sources of urban sediment are construction sites. Other sources include smokestacks
and car emissions and sand or salt used on roads in the winter.
Farmland runoff is another significant source of non-point source pollution. Farming is
the single largest cause of land alteration in the US. The large amount of land involved
and the need to clear land surfaces for crops and animal waste disposal all contribute to
non-point source pollution problems. Best Management Practices have been instituted
nationwide to help correct and control, prevent and reduce pollutant movement
throughout the farming community.
Other non-point source pollutant derivatives are streambanks, roadsides, and in some
areas, logging and mining operations.
Teacher will need to draw a runoff-road rally track on the chalk board. We suggest a
simple bar-graph (See figure). You will need to make copies of the Pit Stop Problem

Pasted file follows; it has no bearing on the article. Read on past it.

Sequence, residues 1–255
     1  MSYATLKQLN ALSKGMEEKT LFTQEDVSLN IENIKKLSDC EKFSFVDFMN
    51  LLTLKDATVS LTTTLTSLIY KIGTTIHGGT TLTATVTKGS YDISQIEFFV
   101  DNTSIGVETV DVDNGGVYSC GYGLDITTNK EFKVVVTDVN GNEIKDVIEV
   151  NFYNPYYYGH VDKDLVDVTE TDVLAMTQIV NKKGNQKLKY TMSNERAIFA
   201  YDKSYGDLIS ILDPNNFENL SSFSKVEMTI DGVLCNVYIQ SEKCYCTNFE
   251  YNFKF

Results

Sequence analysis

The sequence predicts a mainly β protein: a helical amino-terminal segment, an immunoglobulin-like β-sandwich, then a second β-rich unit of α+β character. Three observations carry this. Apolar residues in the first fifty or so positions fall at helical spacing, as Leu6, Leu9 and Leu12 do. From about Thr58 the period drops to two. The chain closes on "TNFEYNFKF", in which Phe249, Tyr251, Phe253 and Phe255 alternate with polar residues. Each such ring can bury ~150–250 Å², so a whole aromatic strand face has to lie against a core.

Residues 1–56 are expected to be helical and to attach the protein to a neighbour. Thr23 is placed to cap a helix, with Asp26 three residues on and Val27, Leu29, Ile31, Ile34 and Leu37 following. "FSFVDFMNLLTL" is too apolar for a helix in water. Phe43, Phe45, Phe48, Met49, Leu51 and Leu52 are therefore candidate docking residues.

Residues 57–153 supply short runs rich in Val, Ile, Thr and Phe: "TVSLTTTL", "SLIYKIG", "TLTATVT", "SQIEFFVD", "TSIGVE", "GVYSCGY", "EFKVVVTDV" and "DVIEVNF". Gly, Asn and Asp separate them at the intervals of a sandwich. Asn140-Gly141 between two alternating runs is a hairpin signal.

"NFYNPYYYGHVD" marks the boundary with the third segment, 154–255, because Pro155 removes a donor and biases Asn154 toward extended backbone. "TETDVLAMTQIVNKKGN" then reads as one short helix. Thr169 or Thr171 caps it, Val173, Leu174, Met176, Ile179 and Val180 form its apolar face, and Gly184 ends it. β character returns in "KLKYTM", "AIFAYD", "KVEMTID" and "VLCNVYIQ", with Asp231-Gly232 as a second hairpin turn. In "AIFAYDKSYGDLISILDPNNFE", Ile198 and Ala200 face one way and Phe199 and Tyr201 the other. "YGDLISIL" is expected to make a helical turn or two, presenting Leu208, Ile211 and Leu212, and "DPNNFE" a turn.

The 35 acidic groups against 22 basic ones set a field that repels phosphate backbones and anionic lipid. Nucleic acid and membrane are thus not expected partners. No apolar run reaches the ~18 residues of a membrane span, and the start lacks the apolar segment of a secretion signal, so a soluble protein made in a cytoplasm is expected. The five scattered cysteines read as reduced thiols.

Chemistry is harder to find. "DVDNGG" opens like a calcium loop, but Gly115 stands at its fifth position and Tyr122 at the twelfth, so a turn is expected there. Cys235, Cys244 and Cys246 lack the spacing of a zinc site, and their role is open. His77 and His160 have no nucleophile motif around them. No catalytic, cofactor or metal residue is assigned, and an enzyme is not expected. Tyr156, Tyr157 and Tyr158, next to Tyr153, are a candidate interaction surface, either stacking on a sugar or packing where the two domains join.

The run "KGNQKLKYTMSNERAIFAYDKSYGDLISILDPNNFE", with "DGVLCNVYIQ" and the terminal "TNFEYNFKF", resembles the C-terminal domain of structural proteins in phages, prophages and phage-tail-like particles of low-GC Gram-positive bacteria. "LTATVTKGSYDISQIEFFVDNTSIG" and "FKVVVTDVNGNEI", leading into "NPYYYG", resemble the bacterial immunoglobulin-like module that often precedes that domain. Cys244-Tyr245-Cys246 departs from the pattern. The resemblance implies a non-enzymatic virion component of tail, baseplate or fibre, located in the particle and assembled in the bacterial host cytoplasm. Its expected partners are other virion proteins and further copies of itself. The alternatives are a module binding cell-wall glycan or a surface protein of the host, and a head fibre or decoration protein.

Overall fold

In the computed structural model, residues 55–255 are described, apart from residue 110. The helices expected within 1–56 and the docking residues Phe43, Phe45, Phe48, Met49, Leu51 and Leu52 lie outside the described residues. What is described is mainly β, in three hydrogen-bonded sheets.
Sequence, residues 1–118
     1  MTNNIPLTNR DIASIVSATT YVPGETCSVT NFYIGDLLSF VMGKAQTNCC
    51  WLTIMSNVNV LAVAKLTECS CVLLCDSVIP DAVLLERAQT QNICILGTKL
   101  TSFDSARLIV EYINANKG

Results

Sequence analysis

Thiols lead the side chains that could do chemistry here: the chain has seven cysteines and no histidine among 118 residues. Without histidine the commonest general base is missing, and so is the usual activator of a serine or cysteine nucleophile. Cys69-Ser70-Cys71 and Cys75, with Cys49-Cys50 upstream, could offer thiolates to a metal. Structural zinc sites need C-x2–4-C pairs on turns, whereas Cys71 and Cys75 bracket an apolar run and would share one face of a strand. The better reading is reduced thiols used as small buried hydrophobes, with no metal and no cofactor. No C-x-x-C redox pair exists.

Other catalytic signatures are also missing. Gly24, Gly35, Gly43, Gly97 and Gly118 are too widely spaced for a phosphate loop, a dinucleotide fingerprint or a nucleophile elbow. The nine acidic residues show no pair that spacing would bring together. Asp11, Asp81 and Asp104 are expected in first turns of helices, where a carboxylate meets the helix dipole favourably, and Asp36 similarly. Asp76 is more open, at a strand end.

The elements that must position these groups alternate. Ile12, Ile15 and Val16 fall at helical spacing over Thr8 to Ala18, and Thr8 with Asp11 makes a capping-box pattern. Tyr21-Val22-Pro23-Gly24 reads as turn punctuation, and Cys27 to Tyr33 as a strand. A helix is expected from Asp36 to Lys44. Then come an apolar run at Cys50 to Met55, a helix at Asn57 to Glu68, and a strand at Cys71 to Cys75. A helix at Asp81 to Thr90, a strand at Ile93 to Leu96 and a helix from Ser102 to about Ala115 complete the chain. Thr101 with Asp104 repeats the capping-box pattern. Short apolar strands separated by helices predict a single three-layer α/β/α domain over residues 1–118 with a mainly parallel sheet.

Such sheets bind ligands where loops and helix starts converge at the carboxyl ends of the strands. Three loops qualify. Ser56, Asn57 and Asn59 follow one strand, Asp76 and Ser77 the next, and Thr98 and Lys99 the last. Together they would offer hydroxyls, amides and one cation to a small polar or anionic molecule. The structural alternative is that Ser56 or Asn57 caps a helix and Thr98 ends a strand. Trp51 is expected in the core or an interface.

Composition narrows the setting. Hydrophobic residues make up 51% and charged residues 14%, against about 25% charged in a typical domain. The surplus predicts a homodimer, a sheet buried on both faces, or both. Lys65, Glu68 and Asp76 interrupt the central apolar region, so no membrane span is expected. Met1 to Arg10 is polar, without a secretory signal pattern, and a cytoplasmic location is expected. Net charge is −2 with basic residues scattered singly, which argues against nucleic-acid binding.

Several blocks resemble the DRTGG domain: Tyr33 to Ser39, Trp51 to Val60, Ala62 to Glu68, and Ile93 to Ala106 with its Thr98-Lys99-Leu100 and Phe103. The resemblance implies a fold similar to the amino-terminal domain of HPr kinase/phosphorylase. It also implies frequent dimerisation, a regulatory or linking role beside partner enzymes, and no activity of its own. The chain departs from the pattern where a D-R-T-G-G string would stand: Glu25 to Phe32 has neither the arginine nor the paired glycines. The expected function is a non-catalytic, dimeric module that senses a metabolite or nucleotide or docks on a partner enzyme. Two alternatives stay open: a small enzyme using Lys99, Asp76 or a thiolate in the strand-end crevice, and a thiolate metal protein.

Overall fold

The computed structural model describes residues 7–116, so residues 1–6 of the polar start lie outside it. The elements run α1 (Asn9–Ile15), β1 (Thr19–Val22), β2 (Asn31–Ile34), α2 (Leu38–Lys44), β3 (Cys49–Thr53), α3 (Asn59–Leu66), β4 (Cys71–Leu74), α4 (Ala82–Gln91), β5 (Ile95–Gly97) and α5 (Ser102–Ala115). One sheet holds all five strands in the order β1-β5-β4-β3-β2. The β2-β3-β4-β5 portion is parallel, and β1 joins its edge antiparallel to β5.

cards and disburse at the correlating Pit Stop. Cut a sheet of 11x17 colored
construction paper into 10 squares. One different colored sheet per team. Each team
will need its own set of answer squares. We would suggest that you use the same color
paper as the colors designated to each team (i.e., Team Red will need 10 red squares,
Team Blue will need 10 blue squares, etc.).
Divide class into small groups (5 or less). Assign each group a color. This color will
signify on the rally graph where each team is during the race. After completion of each
Pit Stop, teacher will need to add to the graph to indicate what progress the team has
made in the race.
Object of the game is for teams to visit each Pit Stop (in no specific order) and identify
the problem there, based on the materials that are on display. Then the team has 2
minutes to decide upon a solution to the problem they've identified. They are to write
down their solution and at the end of 2 minutes, each Pit Boss will collect their answer
card. The teacher will collect all the answer cards from each Pit Boss. The first team or
teams to pass the finish line wins.